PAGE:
Home News 2016 Disruptors Aren’t Just for Fast-Changing Industries

Disruptors Aren’t Just for Fast-Changing Industries

Disruptors happen in all industries, causing shifts in the way consumers use or access products. These disruptors force marketers to adjust their ways of doing business to ensure they remain relevant with consumers’ needs. Food and beverage works this way as well – and there is evidence that new disruptors are on their way.

Before discussing any detail behind disruptors in food and beverage it’s important to understand the pace at which these changes are likely to move. Our consumption behaviors are deeply rooted in culture and are very habitual. Historically these behaviors change at a very slow pace compared to, for example, behaviors in the technology industry. The phones we carry in our pockets today probably look very different from those five years ago and include far more functions, but by comparison, what we have eaten over that same period of time probably looks similar. Disruptors in food and beverage may take 10 to 20 years to take their full grip, but it’s important to plan for them before you have to start playing a game of catch-up.

The grocerant is a good example of a disruptor we see unfolding. As the name implies, it’s a grocery store-restaurant hybrid that provides restaurant-quality, fresh-prepared foods, with in-store enjoyment options from café seating to table service. Our research shows these store formats are competing most closely with fast casual restaurants based on motivations for visiting the establishment. For both sectors, price, quality and variety of the food, and the ability to get a healthy meal drive consumers to dine there. And while both fast casual restaurants and grocerants attract Millennials, the grocerant provides its services at lower prices, helping these cost-conscious consumers dine within their budgets.

Fresh foods are a key component of grocerant offerings, and the desire for fresh carries into the home as well. The problem consumers have is that fresh doesn’t stay fresh if it lingers too long. And since many fresh items have to be purchased in larger sizes, a decent amount may spoil before all of it can be consumed. With food waste in mind, many consumers have begun experimenting with fresh meal delivery kits, which provide just the right amount of fresh food and effortlessly answer the question, “What’s for dinner?”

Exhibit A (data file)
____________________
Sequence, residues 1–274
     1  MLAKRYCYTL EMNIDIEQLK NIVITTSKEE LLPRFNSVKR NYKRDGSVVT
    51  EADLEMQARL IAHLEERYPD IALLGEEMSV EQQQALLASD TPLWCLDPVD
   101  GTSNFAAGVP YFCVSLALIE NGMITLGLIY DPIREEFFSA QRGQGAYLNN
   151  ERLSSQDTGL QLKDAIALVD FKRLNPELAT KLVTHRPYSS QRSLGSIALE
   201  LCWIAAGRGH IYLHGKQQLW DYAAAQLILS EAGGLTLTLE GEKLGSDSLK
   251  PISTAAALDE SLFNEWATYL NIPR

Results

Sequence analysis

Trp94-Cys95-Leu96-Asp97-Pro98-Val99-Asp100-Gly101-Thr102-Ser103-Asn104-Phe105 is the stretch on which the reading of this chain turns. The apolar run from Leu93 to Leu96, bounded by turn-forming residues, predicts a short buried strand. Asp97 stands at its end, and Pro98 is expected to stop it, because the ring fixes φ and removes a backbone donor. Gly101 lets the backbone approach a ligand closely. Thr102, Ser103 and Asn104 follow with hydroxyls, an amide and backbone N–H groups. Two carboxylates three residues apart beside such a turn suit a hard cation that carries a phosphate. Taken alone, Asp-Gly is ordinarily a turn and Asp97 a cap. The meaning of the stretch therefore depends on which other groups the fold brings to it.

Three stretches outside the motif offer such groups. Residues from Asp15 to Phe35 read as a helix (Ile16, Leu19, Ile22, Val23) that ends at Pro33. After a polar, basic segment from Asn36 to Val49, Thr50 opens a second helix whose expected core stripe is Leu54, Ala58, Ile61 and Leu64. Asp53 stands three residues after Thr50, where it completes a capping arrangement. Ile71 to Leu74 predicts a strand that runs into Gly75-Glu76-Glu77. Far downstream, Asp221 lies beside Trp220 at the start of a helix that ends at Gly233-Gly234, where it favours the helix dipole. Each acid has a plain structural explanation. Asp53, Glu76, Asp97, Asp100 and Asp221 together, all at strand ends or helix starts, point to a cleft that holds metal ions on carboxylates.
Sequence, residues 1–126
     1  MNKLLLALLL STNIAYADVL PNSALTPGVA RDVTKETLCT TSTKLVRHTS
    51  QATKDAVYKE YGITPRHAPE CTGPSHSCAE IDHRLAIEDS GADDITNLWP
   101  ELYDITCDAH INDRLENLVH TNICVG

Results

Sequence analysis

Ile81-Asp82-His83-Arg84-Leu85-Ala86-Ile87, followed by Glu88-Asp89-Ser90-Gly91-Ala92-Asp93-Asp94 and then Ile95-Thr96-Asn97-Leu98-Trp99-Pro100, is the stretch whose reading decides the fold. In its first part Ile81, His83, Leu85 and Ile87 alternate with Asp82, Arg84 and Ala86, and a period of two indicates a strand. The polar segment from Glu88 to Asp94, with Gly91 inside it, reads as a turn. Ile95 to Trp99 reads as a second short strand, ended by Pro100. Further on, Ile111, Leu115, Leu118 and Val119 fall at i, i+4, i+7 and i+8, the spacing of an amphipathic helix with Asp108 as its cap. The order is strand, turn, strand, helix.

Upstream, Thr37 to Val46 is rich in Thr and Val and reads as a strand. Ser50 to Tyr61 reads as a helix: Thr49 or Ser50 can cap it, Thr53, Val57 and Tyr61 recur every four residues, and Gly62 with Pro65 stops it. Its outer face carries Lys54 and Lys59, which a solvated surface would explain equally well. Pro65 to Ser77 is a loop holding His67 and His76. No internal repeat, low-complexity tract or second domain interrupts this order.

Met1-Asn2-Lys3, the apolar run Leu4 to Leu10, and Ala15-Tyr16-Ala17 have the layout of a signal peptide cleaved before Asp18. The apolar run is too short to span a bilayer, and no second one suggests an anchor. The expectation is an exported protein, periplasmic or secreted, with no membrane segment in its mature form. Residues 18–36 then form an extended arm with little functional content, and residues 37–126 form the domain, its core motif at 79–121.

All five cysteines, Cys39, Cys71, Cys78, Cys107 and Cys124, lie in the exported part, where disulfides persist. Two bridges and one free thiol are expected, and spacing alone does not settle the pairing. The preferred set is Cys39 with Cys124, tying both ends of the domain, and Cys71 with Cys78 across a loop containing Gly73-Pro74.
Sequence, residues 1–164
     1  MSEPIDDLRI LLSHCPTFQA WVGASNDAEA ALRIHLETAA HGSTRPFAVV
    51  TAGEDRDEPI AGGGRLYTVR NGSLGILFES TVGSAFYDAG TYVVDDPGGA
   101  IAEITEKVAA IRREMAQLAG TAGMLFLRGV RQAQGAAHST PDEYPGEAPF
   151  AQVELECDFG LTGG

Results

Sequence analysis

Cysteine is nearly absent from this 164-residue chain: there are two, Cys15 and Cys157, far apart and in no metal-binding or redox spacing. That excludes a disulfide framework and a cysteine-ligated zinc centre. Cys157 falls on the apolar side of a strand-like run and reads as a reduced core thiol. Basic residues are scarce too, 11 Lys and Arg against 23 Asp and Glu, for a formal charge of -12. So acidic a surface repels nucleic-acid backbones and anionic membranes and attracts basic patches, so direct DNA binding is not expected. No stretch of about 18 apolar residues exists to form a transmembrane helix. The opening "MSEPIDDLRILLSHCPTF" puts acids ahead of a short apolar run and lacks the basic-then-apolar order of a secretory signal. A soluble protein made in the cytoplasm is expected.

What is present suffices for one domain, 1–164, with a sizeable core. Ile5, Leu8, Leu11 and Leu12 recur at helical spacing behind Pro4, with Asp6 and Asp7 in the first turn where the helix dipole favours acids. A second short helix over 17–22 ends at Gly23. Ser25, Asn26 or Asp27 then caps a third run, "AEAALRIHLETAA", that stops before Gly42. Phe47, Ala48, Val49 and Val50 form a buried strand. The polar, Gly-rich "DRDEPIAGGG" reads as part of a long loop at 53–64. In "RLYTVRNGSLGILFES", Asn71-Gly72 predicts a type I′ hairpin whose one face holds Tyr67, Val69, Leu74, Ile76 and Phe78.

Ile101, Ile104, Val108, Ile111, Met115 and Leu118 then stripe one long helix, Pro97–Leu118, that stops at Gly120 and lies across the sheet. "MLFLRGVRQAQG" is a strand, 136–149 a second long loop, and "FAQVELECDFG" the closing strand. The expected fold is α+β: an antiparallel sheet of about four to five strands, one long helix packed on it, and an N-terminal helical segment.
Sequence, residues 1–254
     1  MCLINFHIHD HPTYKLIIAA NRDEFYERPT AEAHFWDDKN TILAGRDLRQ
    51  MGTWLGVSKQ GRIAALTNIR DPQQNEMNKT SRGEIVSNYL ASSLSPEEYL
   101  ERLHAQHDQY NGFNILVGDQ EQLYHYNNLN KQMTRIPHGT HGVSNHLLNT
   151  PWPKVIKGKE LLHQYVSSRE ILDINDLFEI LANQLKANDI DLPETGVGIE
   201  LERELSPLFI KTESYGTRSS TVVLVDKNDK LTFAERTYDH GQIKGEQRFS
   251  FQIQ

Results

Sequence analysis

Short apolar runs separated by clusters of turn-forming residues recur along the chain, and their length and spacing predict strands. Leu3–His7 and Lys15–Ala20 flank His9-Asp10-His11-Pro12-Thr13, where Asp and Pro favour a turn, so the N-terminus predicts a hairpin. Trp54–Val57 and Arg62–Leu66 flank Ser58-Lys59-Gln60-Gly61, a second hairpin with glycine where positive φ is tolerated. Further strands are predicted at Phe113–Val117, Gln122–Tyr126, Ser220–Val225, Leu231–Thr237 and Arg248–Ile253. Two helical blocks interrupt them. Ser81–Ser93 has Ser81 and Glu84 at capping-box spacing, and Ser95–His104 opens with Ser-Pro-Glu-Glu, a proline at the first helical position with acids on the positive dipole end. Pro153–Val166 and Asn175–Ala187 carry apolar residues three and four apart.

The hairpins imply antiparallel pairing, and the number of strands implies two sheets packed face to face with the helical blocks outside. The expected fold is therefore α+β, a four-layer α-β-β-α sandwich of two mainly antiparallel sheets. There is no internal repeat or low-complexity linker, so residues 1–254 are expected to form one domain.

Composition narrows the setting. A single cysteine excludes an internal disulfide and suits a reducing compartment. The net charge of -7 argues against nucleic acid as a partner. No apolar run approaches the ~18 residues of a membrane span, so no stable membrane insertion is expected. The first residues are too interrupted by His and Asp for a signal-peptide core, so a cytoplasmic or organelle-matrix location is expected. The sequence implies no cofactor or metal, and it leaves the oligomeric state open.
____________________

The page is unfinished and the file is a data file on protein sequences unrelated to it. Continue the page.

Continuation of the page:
There are other disruptors on the horizon, and in each case there is a common theme – the disruptor saves the consumer time or money, or both. In the grocerant case, consumers save time by being able to remain in the store to get a fresh meal after shopping is done, and the prices save them money compared to other outlets. Meal delivery kits save consumers time by eliminating trips to the grocery store and by cutting out the need to research recipe ideas. Both of these concepts represent a small part of their respective segments – grocerants account for about 4 percent of the QSR retail sector, while 3 percent of individuals in the U.S. tried a meal delivery kit last year.

There’s great growth potential. It won’t happen from just one year to the next, and we need only look to history as evidence of this pace. Consider the microwave oven, which is now a fixture in about 90 percent of U.S. households. It began its residential use around the late 1970s, when advances in technology allowed for lower price tags. Despite that, it still took the better part of a decade for a majority of homes to have one. Given the way the microwave oven saves time with cooking and the vast amount of products that were developed as a result of its invention, it was clearly a disruptor. Those who prepared in the early 1980s for its expansion reaped the benefits of their preparedness.

Marketers would be wise to find ways to associate their products with current and emerging disruptors. For example, getting your products inside the fresh meal delivery kit shows consumers new ways to use your products. And while the consumer is in the grocery store, make your products available at the grocerant as either the main feature or the side component.

Want more?

Complete this form to hear from NPD.